Throughout November, we have been exploring the climate theme of cities – looking at the ways that cities could be impacted by climate change and learning about some of the research that is being undertaken to better understand and quantify these impacts.
As global warming continues, we are seeing increasing occurrences of weather extremes as a result of human-induced climate change. In a previous blog post, we explored the increasing frequency of extreme heat events and the way this heat is compounded in cities due to the nature of a typical urban landscape. Higher temperatures are not the only extreme that can be linked to climate change, however. As the planet warms, we can expect to see an increase in intense rainfall events and consequent flooding.
Some areas are more vulnerable to flooding than others, and cities can be particularly at risk of flash flooding. In this blog post we’ll look into why this is and explore some of the research being carried out to better predict future changes in flooding in the city of Bristol.
Is the UK getting more rain?
The Met Office State of the UK Climate report for 2021 was published by the Royal Meteorological Society in July 2022. The report highlighted the evidence that the UK’s climate is already changing, with recent decades warmer, wetter and sunnier than the 20th century. For rainfall, the most recent decade was 2% wetter than 1991-2020 and 10% wetter than the 1961-1990 period. Recent trends in local rainfall extremes have also been detected, with some evidence that these are already being influenced by climate change (Cotterill et al 2021).
In another piece of research from the UK Climate Resilience (UKCR) Programme, researchers examined how different levels of global warming could affect the number of ‘high-impact’ weather days that we see in the UK. They found a positive correlation between increased global warming and instances of high-impact days, with projections indicating an increase of three days per year for high-impact heavy rainfall days under a high emissions (+4℃) scenario.
Cities and heavy rainfall
Cities are particularly vulnerable to surface water flooding due to the nature of the terrain in urban areas. Pavements and tarmacked road surfaces are impermeable, meaning that rainwater cannot pass through and instead accumulates on the surface and eventually runs off. By contrast in rural areas rainfall is able to penetrate into the ground, reducing the risk of surface water flooding. Cities therefore require adaptive capacity (such as sustainable urban drainage systems), informed by the latest climate research and observational data, in order to minimise these risks.
Modelling flooding events to predict their severity
In a recent study led by Bristol University in collaboration with the Met Office as part of the UKCR Programme, researchers input UKCP local (2.2km) rainfall data directly into a flood impacts model to predict future flood risk. UKCP local simulations operate at a higher resolution of 2.2km, meaning they can more explicitly represent convective storms and provide improved estimates of hourly rainfall extremes. They also better capture local surface features such as cities, mountains and coastlines. The study found that using UKCP local data as opposed to the standard uplift approach* to drive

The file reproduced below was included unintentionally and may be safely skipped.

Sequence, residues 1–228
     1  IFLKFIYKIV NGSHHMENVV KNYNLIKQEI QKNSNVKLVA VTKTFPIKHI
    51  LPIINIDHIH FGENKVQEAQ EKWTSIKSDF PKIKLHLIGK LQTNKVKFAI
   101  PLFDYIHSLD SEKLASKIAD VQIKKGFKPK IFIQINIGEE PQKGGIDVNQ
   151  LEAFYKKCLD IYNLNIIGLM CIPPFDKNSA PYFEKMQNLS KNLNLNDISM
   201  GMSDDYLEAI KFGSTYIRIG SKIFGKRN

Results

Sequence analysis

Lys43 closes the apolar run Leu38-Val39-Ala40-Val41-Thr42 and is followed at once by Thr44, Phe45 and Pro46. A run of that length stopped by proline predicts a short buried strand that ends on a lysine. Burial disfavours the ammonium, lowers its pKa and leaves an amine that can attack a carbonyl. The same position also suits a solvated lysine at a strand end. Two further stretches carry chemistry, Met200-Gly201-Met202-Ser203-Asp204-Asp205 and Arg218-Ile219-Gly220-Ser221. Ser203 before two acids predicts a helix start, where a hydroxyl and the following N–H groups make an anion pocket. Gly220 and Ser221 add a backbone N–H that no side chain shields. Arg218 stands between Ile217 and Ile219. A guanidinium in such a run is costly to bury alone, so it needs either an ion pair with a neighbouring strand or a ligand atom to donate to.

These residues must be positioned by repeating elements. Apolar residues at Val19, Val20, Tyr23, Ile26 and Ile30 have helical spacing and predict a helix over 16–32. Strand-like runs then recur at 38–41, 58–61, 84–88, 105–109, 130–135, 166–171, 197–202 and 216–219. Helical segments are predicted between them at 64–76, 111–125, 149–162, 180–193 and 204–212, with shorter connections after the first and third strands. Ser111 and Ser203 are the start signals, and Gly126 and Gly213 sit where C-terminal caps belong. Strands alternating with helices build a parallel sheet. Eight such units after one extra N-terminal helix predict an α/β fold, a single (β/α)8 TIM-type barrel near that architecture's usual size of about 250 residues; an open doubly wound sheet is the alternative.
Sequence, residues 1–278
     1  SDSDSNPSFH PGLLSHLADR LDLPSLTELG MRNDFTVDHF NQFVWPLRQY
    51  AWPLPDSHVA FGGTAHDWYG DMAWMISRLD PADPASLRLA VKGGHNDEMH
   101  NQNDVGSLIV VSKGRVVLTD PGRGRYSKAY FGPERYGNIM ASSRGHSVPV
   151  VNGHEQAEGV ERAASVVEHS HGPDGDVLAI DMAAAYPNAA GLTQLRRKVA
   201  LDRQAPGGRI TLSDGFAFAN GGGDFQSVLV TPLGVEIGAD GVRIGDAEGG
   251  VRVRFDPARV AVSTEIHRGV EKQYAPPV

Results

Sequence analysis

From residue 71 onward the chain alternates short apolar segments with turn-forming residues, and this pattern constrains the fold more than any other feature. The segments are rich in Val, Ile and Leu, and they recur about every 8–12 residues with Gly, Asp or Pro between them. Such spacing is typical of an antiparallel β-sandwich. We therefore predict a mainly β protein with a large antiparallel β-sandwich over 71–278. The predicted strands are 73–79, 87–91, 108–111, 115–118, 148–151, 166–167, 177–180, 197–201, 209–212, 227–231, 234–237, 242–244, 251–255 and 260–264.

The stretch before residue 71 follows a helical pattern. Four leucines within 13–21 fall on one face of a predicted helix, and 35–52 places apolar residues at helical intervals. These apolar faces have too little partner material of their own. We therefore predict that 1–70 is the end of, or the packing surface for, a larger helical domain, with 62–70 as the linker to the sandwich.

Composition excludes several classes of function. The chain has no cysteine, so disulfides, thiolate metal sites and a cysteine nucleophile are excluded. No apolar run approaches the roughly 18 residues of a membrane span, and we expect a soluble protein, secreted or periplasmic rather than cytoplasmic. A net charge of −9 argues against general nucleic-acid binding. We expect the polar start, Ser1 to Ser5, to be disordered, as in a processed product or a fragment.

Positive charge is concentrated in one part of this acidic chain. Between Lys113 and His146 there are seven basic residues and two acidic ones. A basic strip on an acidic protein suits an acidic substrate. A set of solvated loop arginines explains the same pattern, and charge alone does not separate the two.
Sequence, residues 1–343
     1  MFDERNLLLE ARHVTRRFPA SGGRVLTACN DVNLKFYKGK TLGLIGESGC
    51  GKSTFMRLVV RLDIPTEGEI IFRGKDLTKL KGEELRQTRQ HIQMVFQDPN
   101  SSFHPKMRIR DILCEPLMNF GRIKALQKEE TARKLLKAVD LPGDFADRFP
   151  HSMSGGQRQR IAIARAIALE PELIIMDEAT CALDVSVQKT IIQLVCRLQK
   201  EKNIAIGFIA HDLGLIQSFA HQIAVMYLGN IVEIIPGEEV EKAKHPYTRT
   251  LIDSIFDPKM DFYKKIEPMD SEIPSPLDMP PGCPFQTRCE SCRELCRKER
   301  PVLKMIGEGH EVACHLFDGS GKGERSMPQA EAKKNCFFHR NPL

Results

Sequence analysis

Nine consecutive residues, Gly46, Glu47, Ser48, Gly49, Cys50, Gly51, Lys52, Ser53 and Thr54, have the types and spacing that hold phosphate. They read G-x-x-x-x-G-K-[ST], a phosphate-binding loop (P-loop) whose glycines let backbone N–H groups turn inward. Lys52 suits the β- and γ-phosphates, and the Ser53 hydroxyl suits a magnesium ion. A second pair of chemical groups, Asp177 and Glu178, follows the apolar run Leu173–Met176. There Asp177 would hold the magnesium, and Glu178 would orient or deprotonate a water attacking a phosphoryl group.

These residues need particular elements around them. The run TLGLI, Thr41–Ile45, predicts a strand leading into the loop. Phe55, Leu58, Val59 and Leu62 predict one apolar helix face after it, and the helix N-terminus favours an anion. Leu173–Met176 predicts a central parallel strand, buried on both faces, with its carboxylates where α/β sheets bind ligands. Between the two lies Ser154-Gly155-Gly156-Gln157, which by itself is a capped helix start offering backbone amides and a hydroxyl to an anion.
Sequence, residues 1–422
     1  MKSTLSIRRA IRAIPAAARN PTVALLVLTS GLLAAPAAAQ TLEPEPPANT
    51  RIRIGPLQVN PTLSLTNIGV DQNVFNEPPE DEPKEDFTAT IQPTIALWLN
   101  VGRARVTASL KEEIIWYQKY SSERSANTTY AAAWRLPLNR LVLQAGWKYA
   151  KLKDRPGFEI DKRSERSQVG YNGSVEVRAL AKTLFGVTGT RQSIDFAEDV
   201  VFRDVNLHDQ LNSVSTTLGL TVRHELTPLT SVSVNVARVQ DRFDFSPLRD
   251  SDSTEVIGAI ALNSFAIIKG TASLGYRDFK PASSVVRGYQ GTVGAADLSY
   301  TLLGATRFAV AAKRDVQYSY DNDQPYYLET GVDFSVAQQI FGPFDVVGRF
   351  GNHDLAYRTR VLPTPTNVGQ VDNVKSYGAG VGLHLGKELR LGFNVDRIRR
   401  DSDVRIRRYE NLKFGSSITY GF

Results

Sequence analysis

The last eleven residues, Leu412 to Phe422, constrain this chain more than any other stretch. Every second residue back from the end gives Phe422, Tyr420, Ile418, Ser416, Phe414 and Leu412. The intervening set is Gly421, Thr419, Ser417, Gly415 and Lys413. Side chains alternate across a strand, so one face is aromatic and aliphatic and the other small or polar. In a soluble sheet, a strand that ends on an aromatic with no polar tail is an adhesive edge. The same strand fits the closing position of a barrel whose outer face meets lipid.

the LISFLOOD-FP flood inundation model, led to very different predictions of flood areas and depths for the Bristol metropolitan area. In particular, future changes in flood extent are higher when using the full UKCP local data.
The study highlighted the fact that the 1 in 30-year flood event does not simply correspond to the 1 in 30-year rainfall event (assumed in standard uplift approaches), since the degree of flooding is controlled by the complex interactions between the rainfall and the landscape (in this case the city environment). Also, the detailed variation of rainfall in space and time, and how this changes in the future, is important for future changes in flooding. On including the temporal and spatial interaction of the rainfall with the landscape, researchers achieved significantly different flood hazard estimates, when compared to using the standard approach.
Professor in Faculty of Science at Bristol University, Scientific Manager and Met Office Science Fellow, Professor Lizzie Kendon, who led on the research, said: “The climate is already changing – and we are starting to see this in observations here in the UK.
“Moving into the future the character of rainfall is expected to change with more intermittent but heavier rainfall. This could have devastating consequences for our cities that are particularly vulnerable to flash flooding. Existing drainage systems have been designed based on historically lower rainfall intensities and do not have the capacity for the projected increases in rainfall. Therefore, it is vitally important that we understand potential increases in flooding, so that we can make informed adaptation decisions.”
With climate projections indicating a future increase in the occurrence of heavy rainfall events, research like this demonstrates the value of high-resolution local data to ascertain the level of flood risk for a particular area. This enhanced understanding of flood risk enables informed decision-making when considering climate adaptation in UK cities.
If you would like to learn more about the flood risk where you live and how you can prepare for high-impact weather, visit our seasonal advice pages.
* The standard uplift approach refers to the more traditional approach of inputting observational rainfall data, to which a standard uplift (percentage increase in rainfall for a given return level, based on climate model output) has been applied, into a hydrological model to generate flood projections.